My father struggles with dementia and has for some time. Earlier this year, my mother and I made the heartbreaking decision to have him join a memory care “community.” I got the word, “community” from Dr. Jonathan McKinsey, a psychiatrist who addressed the Alzheimer’s Support Group that my mother and I attend.
Dr. McKinsey was entertaining, informative and compassionate. The following morning, I took a long walk and considered what he had shared with us.
Live Where They Live
“If your loved one thinks it’s 1972, then talk about 1972.” In my book, “50 Revelations from the Heart,” number 32 is, “Perception is reality.” This couldn’t be truer than for an Alzheimer’s or dementia patient. Their memories, the doctor explained, are becoming more narrow each day with recent memories being wiped away. Inevitably, they do believe it’s 20 or 30 or even 40 years ago. So meet them there. Talk about the old times. Let them reminisce. If you try to jar them into the 21st century, you will only frustrate yourself and agitate your loved one into a tizzy.
Set Them Up for Success
Don’t ask them to make decisions, but give them choices instead. Instead of, “What do you want to eat?” ask, “Do you want a hamburger or spaghetti?” With a diminished executive function, loved ones dealing with dementia can become overwhelmed by daily decision-making. By giving them a framework in which to exercise small amounts of autonomy, they get to exercise control in a way that matches their abilities.
Another area Dr. McKinsey said can be problematic, is basic hygiene and dressing. Remembering the order of things (e.g., socks then shoes) can become a challenge for some patients. But with reminders (written or verbal cues) the family member can get dressed more independently. In fact, the doctor even suggested offering shoes with velcro and pants with elastic waistbands, to make the dressing process easier as fine motor skills begin to diminish.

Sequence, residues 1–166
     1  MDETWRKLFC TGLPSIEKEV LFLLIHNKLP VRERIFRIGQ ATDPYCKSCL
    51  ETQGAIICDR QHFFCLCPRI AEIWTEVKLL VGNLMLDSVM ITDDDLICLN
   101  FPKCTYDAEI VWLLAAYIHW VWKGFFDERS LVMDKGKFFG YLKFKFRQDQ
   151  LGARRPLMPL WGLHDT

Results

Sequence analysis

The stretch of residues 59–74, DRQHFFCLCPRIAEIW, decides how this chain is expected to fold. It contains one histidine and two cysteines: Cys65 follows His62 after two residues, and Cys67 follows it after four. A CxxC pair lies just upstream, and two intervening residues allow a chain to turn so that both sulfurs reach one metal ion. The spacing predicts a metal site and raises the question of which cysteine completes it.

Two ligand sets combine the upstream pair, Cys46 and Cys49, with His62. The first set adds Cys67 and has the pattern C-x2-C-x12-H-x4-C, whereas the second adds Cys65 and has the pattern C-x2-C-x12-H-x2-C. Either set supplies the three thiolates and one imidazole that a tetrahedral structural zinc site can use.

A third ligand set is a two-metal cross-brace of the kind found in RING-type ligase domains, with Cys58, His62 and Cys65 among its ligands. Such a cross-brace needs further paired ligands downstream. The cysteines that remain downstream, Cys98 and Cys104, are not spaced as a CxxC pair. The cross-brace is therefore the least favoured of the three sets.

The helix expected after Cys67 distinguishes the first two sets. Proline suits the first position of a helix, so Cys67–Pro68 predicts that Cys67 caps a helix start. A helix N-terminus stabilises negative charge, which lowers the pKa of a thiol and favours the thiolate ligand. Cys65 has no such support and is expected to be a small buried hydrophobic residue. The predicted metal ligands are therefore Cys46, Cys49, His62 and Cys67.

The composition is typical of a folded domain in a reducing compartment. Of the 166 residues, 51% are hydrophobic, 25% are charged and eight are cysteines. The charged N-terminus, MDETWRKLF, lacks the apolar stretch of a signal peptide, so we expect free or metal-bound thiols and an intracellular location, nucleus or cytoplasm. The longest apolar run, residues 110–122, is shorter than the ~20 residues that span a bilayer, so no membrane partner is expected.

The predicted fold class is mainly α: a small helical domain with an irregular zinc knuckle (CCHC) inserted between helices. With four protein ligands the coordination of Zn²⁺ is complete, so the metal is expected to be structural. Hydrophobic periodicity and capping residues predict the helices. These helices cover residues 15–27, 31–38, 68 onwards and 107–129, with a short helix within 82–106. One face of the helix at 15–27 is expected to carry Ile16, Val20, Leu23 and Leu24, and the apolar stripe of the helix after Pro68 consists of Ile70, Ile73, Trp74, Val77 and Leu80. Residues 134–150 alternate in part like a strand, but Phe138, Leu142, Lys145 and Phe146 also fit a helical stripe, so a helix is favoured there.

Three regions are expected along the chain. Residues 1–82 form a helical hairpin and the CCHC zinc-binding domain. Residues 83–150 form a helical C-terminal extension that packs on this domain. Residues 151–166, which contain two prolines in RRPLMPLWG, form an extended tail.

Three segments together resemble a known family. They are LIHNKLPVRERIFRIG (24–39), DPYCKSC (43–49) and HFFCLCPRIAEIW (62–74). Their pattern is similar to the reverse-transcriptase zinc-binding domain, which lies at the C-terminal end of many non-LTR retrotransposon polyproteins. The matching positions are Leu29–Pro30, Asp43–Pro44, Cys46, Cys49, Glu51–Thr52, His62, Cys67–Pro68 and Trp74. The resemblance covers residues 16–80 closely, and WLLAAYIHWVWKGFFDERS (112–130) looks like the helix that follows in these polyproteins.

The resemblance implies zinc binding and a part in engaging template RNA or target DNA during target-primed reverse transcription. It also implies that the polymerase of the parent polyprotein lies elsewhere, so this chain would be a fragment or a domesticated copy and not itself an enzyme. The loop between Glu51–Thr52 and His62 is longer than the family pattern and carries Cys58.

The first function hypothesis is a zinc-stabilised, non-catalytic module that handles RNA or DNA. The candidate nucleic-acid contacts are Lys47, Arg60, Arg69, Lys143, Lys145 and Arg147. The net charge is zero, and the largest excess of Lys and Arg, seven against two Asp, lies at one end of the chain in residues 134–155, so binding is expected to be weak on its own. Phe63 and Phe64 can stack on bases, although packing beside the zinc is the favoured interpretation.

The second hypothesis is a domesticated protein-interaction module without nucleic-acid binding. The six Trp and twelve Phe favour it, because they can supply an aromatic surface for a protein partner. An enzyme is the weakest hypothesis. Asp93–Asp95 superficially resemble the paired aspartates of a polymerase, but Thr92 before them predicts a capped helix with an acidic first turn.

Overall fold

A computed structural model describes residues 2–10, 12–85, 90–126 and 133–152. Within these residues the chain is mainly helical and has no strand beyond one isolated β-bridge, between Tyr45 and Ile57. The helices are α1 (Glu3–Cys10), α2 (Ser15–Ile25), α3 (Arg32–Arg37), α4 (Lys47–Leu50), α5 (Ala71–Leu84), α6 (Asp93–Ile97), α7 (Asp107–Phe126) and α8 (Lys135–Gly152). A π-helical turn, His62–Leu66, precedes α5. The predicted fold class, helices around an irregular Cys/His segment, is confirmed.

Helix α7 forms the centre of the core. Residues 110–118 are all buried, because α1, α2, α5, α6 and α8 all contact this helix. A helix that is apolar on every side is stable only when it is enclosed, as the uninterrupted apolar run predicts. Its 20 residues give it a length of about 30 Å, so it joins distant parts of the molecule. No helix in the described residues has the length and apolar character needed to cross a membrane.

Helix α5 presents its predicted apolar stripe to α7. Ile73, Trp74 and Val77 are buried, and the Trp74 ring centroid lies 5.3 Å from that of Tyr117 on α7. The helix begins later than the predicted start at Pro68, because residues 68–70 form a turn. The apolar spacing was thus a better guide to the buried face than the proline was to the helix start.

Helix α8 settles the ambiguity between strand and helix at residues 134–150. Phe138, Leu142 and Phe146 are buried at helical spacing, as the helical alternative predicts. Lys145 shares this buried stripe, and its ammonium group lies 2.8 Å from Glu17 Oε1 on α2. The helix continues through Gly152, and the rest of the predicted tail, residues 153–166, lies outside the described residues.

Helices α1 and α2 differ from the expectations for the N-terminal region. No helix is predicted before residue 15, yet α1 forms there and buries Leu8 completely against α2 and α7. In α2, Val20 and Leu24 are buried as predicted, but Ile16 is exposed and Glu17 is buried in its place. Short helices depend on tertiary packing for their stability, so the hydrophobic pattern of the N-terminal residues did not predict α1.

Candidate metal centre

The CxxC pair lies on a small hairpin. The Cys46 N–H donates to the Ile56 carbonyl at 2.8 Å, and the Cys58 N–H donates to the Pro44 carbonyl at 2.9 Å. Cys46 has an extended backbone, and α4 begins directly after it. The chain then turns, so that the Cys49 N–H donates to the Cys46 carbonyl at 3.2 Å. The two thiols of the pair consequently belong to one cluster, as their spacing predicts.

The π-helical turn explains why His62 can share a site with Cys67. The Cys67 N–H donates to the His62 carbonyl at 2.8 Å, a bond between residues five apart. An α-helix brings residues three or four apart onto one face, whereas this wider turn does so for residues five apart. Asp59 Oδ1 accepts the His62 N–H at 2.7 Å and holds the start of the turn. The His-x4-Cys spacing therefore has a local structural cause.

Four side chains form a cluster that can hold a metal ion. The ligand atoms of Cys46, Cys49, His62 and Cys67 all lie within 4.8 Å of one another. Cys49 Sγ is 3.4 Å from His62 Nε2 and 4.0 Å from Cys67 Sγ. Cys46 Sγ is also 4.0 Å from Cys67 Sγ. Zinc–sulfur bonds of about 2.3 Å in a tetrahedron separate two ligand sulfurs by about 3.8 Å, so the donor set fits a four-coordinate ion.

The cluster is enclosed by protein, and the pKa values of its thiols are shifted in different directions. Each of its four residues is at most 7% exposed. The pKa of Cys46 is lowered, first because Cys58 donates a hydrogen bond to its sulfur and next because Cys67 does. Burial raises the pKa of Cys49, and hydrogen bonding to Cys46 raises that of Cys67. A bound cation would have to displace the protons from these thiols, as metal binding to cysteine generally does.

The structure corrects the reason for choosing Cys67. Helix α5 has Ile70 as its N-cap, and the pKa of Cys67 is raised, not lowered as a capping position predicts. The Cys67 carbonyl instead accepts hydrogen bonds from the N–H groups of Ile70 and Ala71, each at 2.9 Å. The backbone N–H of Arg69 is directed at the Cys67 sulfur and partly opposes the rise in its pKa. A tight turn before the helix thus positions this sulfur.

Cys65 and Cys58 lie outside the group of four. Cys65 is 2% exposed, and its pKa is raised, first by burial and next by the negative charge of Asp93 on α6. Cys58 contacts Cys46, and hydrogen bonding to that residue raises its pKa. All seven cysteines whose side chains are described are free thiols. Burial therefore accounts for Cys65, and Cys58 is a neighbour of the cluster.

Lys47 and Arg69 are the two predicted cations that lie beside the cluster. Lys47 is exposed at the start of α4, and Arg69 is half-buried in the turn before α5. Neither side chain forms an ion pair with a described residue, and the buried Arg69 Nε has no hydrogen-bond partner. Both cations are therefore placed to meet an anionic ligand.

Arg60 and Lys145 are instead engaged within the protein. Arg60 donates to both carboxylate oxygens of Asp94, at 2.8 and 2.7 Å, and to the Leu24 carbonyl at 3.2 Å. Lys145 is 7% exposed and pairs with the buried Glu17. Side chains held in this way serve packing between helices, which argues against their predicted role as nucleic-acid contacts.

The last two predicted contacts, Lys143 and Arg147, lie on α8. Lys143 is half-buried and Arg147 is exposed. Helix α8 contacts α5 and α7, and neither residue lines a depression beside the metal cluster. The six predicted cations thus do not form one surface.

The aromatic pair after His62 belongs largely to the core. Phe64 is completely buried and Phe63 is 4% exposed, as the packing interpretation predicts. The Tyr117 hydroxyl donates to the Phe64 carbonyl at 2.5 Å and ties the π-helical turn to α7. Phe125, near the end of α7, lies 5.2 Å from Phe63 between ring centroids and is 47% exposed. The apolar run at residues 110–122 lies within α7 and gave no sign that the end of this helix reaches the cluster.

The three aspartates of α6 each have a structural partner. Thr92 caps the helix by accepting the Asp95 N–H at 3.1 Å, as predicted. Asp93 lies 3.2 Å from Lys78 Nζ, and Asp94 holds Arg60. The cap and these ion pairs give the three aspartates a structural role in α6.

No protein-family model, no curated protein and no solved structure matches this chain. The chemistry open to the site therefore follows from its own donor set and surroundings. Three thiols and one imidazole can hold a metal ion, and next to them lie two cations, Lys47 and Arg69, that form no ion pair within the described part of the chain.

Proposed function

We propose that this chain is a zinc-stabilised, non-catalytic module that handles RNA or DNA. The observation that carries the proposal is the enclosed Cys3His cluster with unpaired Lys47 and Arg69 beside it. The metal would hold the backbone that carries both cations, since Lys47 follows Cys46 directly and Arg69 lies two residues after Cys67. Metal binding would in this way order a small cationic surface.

Stay Involved and Supportive
Dr. McKinsey stressed the importance of staying involved and supportive of the family member. He told stories about individuals whose family essentially dropped them off at the memory care community and never returned. These decisions are never easy and often make family members feel guilty. And frankly, it’s easer not to watch your family’s matriarch or patriarch lose their cognitive skills. This is perfectly normal and something I can totally relate to. It took weeks to prepare my dad and his new accommodations and with every step, the guilt grew in the pit of my stomach. But with time and the limitless devotion of my mother, my dad acclimated, relaxed and began to enjoy his new surroundings. And as a result, my mother and I are able to breathe a little easier.
Take Care of the Care Taker
As my father’s condition worsened, I began to worry about the toll my dad’s dementia was taking on my mother. The good doctor said this was not unusual. He recounted several cases where the care giver’s health suffers because all of their energy is focused on their family member.
My family was no different. Fiffty-six years of marriage and a 58-year relationship was changing more quickly than they anticipated and in ways they never imagined. There were times that my dad was frustrated and times that my mom was overwhelmed. It was only after it became almost impossible to care for my dad at home that my mom agreed to find a memory care community for him. While all of us wish that Dad remained well enough to stay home, the memory care community has been liberating and helpful for both of them. Dad is safe and Mom sees him every day. She is getting to know the staff, the other residents and their families. Now their time together is truly quality time, looking at old photographs, reminiscing or listening to music.